Thursday, July 1, 2010
I started writing about the differences in Korean and American culture and realized that the subject can fill volumes. This is Part 1 of the series.
: Small country, many people, no personal space, live with family. In that setting, having a rules system about who out ranks who goes a long way in keeping the peace. Korea : Lots of land mass, many people, but spread out a bit. We get in the habit of doing what we want to do. Sure, we know how to follow rules, but when the rules seem to interrupt our personal goals, we examine the rules. Sometimes we break them. Sometimes we change them. America
When I decided to move from the
United States to I thought I knew what I was doing. I had read about Korean culture in a variety of books and websites. I have been to a local Korean restaurant and tried several dishes to see if the food was pleasant to my palate. I researched many blogs of Americans and Canadians who live or have lived in South Korea and worked as English teachers. In fact, I was pretty proud of the knowledge I had acquired. Turns out that I had no clue as to what life really would be like. South Korea
First of all, let me say that I generally enjoy living in Busan. Working as an English teacher is not a bad job, and I earn a satisfactory amount of money for the work that I do. Please remember this as read my comments. My goal is not to complain about
or Korean culture. Instead, I hope to delve into some of the many differences I have noticed. My genuine belief is that being different does not make something wrong. At the same time, it is really hard to always understand an issue from the perspective of the Koreans I know. After all, I have not lived in Korea my entire life. So my views are constantly influenced by my personal history. Ok, this is probably enough introduction. So let’s just jump right in. Korea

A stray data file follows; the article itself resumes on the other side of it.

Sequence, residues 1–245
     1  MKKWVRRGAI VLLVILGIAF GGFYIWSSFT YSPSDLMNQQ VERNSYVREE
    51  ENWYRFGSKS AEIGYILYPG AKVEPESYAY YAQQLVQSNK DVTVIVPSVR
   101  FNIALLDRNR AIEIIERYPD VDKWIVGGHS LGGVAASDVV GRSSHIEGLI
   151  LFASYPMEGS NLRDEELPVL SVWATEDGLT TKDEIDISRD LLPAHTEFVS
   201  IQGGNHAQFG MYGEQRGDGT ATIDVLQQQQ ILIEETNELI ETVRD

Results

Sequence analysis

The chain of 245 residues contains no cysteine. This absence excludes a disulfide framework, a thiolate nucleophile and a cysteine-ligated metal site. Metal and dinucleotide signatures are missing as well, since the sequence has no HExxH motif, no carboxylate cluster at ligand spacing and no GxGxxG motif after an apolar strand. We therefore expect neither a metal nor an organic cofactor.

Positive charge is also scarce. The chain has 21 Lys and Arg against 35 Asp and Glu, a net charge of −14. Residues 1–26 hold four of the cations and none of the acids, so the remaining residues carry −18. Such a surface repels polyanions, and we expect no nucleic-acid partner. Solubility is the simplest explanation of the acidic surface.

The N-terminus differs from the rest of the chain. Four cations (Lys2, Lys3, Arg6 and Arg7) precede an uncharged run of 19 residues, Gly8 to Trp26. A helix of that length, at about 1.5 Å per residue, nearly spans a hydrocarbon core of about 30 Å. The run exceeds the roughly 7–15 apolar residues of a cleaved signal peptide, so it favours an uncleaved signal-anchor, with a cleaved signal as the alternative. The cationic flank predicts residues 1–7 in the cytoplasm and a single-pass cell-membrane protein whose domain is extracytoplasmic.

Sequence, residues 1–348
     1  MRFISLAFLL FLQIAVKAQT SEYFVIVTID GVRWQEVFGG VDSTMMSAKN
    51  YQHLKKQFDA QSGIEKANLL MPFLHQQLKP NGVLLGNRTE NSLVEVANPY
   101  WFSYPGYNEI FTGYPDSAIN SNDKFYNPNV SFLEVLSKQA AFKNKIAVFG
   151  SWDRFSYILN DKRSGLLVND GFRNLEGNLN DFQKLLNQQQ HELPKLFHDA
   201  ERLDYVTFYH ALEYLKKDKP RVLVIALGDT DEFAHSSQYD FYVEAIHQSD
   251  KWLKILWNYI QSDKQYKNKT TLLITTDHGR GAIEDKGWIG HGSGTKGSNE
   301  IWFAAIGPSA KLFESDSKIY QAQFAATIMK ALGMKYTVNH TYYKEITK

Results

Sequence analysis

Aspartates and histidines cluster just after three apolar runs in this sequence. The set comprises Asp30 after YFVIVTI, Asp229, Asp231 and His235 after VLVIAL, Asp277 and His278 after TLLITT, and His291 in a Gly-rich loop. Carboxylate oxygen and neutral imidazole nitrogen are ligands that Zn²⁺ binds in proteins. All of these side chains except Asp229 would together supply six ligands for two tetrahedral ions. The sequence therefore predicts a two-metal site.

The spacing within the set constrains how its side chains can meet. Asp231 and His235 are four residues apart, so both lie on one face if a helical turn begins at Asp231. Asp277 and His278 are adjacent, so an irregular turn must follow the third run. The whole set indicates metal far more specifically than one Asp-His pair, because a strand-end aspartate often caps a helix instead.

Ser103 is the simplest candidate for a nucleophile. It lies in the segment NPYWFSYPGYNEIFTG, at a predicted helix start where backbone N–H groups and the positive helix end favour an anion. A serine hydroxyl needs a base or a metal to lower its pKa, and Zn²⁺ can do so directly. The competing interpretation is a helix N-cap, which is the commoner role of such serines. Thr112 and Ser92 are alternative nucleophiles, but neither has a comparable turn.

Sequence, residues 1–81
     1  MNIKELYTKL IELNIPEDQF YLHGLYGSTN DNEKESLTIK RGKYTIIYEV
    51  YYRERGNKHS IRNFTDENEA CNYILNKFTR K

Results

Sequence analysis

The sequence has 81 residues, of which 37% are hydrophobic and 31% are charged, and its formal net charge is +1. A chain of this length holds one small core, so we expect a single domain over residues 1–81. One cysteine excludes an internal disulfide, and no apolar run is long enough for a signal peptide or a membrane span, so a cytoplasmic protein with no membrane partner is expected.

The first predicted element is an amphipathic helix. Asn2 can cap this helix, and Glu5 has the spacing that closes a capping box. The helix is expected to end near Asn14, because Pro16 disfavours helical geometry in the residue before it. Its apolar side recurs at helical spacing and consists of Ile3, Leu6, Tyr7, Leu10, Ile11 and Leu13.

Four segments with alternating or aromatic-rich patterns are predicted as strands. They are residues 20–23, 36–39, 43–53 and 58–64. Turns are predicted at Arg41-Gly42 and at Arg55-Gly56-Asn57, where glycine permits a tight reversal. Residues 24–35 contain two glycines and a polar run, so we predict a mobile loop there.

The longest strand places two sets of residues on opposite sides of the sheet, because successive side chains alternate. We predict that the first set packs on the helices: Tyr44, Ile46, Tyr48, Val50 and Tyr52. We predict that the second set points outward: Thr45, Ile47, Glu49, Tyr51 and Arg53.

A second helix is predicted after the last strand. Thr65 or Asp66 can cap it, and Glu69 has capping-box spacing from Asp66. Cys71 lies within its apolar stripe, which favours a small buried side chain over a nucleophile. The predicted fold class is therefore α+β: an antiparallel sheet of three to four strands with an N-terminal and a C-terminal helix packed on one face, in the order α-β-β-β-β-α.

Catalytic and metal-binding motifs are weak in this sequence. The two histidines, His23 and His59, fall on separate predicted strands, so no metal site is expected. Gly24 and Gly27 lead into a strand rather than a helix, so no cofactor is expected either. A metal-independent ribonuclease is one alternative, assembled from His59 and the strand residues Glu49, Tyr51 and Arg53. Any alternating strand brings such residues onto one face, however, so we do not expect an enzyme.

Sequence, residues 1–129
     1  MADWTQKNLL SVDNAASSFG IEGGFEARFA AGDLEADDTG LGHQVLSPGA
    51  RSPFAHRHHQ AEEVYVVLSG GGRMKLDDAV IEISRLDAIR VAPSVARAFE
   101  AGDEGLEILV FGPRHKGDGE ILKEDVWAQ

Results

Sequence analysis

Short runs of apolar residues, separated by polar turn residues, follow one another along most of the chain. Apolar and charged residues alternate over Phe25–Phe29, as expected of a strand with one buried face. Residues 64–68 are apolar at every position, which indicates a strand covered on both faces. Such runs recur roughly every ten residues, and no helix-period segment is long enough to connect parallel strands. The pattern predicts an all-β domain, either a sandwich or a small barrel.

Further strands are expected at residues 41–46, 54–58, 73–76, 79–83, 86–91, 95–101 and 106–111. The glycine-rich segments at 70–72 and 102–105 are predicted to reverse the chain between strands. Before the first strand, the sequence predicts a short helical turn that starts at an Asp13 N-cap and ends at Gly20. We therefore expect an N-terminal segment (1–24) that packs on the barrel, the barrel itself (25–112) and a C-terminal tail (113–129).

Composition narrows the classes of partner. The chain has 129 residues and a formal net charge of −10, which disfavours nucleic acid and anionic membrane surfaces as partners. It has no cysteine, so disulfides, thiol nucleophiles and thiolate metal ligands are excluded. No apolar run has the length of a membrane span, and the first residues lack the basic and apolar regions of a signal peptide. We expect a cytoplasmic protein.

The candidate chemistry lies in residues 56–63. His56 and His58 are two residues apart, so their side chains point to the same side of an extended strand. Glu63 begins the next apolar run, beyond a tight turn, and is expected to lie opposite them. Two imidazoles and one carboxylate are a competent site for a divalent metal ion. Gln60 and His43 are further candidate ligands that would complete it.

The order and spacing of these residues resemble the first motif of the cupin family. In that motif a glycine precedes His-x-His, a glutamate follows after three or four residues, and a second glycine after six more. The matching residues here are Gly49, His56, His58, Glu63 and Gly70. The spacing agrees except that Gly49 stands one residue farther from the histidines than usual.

1. We are different
It sounds simple enough, but sometimes it is nice to remember this little tidbit of information. Personally, I think the primary difference between Americans and Koreans is the concept of self. For the most part, Americans have a strong attachment to our individuality. We are a “me” culture. Koreans tend to identify themselves by group rather than self. Want examples? Myspace. iPhone. Youtube. Easy enough, but it goes much deeper.
We move out of the family home usually around the time of high school graduation and go off to college. After college, I got my first apartment and eventually bought my own house. In
, people tend to live in the family home until they are married. It is not uncommon to see a 30 year old man living with his family. In fact, it is normal and is a large factor in group identity versus individual identity. I cannot begin to imagine how my life might be different if I lived at home until I was 30. As we explore the different ways that we view the world, give some consideration to this concept. Korea
Going forward, I will simple point out the differences.
2. Personal Space